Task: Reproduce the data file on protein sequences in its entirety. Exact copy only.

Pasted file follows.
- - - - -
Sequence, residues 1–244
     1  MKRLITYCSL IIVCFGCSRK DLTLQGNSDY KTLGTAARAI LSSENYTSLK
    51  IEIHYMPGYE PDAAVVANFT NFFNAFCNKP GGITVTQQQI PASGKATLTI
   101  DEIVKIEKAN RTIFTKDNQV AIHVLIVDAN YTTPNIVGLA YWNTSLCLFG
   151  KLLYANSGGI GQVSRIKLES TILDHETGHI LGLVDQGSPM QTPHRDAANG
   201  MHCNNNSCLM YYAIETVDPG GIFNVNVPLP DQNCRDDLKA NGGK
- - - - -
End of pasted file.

Sequence, residues 1–244
     1  MKRLITYCSL IIVCFGCSRK DLTLQGNSDY KTLGTAARAI LSSENYTSLK
    51  IEIHYMPGYE PDAAVVANFT NFFNAFCNKP GGITVTQQQI PASGKATLTI
   101  DEIVKIEKAN RTIFTKDNQV AIHVLIVDAN YTTPNIVGLA YWNTSLCLFG
   151  KLLYANSGGI GQVSRIKLES TILDHETGHI LGLVDQGSPM QTPHRDAANG
   201  MHCNNNSCLM YYAIETVDPG GIFNVNVPLP DQNCRDDLKA NGGK